It is claimed that when famed bank robber Willie Sutton was asked why he robbed banks, he replied, “because that’s where the money is.” Although later in his life he denied saying it, that statement is the basis for “Sutton’s Law”. It makes sense, though, and it seems to apply to cyber attacks, at least to some extent.
According to the Wall Street Journal, the number of bank robberies is decreasing while cybercrime is increasing. The article discusses some of the reasons including the relative ease of catching bank robbers compared to that of catching cybercriminals. Since cybercriminals may be in jurisdictions outside those where the target can get extradition, the criminals may never be caught or prosecuted.
One other issue is that even for banks there are multiple possible vectors for attack. I’ve written before about ATM skimmers. Stolen ATM cards and guessed PINs have been a problem for years. Nick Beery of Data Genetics did a wonderful analysis of PIN numbers. It turns out that the top 20 are used about 20% of the time. With those and person’s birthday, address, etc. (from a purse or wallet) guessing a PIN might not be too hard.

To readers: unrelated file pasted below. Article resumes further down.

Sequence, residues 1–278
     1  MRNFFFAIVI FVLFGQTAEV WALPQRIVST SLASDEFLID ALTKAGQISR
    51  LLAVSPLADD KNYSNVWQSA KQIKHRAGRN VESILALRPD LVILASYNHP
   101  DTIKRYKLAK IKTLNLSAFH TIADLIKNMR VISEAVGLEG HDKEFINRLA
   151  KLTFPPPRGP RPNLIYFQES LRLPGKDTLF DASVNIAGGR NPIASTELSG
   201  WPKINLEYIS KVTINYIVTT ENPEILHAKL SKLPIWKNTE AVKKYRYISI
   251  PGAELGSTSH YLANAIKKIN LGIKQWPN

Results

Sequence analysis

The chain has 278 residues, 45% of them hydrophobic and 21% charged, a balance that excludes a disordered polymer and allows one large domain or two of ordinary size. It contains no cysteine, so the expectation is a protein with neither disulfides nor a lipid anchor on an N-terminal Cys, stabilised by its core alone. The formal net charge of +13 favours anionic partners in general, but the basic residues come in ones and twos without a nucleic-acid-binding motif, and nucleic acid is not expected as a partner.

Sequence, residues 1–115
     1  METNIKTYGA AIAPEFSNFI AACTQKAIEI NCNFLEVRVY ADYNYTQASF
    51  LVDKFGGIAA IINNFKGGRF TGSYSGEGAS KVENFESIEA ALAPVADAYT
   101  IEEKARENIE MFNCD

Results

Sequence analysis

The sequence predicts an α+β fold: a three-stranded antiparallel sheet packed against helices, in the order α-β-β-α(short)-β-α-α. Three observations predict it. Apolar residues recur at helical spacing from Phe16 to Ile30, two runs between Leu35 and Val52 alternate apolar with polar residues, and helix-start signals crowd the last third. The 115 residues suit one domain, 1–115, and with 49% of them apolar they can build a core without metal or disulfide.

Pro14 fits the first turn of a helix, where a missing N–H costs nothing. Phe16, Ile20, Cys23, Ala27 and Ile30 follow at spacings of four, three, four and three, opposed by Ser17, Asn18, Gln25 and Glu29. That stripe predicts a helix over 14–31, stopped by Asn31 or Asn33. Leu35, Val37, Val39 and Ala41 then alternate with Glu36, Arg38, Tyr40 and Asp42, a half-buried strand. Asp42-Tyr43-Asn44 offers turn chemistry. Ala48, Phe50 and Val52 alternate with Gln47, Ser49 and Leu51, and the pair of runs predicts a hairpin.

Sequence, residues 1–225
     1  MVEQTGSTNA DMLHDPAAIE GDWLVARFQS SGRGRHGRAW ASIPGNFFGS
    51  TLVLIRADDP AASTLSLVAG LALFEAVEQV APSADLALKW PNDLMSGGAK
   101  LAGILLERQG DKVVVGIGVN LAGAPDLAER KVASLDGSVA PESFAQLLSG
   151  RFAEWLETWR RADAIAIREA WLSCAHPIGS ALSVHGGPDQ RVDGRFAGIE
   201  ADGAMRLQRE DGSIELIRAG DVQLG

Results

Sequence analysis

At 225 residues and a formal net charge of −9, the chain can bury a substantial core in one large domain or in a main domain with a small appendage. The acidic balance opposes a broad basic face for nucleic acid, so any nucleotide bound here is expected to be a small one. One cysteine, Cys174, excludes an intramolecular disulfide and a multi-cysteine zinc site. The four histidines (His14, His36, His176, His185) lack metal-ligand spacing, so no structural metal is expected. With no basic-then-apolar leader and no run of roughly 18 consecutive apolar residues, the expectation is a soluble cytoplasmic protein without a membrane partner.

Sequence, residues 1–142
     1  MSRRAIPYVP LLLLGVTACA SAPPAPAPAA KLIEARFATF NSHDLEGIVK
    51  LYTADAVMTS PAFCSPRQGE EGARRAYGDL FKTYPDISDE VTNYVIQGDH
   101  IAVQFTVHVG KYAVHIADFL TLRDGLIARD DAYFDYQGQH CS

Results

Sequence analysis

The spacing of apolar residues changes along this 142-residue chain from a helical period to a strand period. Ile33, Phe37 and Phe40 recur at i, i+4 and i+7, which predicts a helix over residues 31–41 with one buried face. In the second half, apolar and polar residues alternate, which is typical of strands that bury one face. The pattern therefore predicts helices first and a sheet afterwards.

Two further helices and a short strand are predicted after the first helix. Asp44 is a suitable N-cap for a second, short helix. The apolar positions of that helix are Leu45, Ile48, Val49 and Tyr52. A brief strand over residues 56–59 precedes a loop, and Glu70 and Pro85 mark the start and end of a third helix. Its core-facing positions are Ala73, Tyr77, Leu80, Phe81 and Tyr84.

It seems the newest trend is CATs or Corporate Account Takeovers. The idea is that the thieves trickle money out of the accounts of businesses large and small. Hopefully, the amounts are so small the companies don’t notice or don’t investigate, at least initially. Once they do, the money is long gone. Since business accounts are not insured, at least in the US, the money is indeed gone forever.
It is surely difficult to avoid banks altogether in the modern world. So, what can we do? For now, not a whole lot other than watching our statements diligently. That applies to both people and businesses. Don’t put off the reconciliation and look for unexpected transfers. If it is happening to you, it is likely happening to others at the same bank, so report suspicious activities promptly.
Banks work hard to deter, detect and prevent theft. But the software systems are so complex, it’s difficult and many employ security testers. I’m planning on interviewing one of those testers for an upcoming post.
We’d all love to believe that everything we do with our bank is safe. It’s clearly not always. It wasn’t 100 years ago and it’s not now. The issue now is scale but at least it’s safer for the humans in the banks.